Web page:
Eleanor McHugh wrote:
> On 30 Mar 2008, at 07:42, mutahhir hayat wrote:
>>> Yes ... as you state below, if a project is defined by requirements,
>>> performance requirements should be specified. They fall under the
>>> general heading of usability, and there are (and have been for decades)
>>> rather well known rules of thumb.
>>>
>>
>> Are you saying that there are projects that have no requirements? :) I'm
>> sure that you don't mean that, so please elaborate.
> 
> Many projects have requirements which are only loosely identified at the 
> time of inception, but one that tends to be there from the very 
> beginning is "should perform acceptably for users". Ignore that 
> requirement at your peril :)

Actually, there are implicit performance requirements based on decades 
of usability theory. The "prime directive", as it were, is this:

1. Define "response time" as the time it takes from the moment that a 
user sends a request to the moment when the system has returned its 
response. There are application-dependent definitions as to when the 
response is "complete", but these are usually obvious from other UI factors.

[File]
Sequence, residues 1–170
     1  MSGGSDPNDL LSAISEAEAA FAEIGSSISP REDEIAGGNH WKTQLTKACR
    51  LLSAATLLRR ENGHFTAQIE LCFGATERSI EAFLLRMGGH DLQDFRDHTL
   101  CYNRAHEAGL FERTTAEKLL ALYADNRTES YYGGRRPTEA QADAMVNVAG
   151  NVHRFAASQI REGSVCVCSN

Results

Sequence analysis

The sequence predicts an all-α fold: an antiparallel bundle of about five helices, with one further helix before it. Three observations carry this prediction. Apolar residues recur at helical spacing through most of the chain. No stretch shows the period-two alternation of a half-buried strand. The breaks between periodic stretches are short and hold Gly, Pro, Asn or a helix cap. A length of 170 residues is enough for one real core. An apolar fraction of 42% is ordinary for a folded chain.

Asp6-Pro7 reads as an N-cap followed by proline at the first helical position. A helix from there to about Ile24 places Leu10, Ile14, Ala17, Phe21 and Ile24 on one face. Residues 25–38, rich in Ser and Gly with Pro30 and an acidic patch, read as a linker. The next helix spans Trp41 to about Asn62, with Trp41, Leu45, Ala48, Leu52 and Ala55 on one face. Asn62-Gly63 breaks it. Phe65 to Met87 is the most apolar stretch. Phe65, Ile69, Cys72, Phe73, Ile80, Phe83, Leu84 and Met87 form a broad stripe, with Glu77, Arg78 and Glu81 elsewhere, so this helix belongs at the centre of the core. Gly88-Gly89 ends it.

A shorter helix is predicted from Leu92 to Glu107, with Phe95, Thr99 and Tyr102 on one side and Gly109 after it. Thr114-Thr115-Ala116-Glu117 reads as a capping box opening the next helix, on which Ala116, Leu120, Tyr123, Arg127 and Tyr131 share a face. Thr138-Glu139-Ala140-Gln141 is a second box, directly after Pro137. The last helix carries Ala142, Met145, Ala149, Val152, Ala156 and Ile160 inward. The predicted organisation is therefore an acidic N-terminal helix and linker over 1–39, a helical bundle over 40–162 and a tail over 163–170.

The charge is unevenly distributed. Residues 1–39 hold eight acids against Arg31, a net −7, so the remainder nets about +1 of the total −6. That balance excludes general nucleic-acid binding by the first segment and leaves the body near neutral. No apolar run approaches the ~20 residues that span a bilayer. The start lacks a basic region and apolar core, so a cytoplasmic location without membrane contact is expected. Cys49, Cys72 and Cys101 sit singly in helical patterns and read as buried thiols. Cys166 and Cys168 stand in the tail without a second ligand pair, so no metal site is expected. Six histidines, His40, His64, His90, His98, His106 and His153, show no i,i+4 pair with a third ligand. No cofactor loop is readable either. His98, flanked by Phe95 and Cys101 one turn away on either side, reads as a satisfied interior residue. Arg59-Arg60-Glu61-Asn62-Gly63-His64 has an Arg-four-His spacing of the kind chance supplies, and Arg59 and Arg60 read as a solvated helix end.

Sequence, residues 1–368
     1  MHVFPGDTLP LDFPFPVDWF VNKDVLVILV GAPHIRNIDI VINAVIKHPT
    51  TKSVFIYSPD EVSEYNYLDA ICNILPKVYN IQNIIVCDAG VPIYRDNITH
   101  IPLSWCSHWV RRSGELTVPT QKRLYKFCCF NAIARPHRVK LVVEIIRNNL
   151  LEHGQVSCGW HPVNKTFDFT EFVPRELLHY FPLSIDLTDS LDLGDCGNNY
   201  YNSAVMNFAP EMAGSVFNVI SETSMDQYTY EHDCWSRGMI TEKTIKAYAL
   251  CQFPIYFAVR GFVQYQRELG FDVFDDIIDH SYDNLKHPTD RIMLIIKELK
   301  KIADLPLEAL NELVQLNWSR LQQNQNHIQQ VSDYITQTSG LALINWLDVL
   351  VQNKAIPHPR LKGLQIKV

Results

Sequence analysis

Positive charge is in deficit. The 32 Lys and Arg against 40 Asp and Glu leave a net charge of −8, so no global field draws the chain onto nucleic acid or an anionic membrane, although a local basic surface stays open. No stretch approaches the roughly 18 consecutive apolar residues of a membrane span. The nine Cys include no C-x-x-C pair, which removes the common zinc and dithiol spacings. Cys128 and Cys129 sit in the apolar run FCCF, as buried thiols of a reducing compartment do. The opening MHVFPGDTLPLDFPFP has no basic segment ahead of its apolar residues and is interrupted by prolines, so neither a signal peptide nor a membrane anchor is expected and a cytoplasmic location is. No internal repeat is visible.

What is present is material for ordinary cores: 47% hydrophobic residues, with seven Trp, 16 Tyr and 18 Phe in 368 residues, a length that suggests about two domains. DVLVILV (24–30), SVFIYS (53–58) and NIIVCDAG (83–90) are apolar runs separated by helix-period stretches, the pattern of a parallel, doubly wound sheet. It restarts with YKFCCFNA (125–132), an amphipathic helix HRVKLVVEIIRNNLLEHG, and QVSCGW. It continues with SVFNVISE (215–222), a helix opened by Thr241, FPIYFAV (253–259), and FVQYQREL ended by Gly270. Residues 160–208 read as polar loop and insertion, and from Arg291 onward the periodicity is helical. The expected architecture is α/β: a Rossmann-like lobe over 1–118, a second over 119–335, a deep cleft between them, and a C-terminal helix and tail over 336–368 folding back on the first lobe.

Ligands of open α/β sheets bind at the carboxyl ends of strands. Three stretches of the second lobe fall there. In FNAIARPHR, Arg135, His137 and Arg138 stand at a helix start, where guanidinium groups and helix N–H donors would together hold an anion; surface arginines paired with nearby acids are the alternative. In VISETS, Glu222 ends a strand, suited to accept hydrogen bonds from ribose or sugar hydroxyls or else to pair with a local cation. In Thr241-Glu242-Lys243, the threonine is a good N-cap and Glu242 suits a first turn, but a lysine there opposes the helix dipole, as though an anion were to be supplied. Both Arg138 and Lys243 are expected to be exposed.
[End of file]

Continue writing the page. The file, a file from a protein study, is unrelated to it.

2. The ideal case is that the response time is under one second! 
Anything over 10 seconds requires that the application notify the user 
that it is busy. Between 1 and 10 seconds is kind of a "gray area", but 
in general, times over 1 second interrupt a user's flow process and 
should be avoided.

3. Users of a business application need faster response times than what 
we consumers typically "tolerate" from web applications. For example, go 
to your on-line credit card payment center and time how long it takes 
from when you hit the "submit" button to when you get your confirmation 
number back. It might be 10 seconds -- in the "good old days" I remember 
seeing times of about a minute. Times like that are "tolerable" for 
someone who makes a payment once a month. But someone in a business 
posting data will need that response in under a second.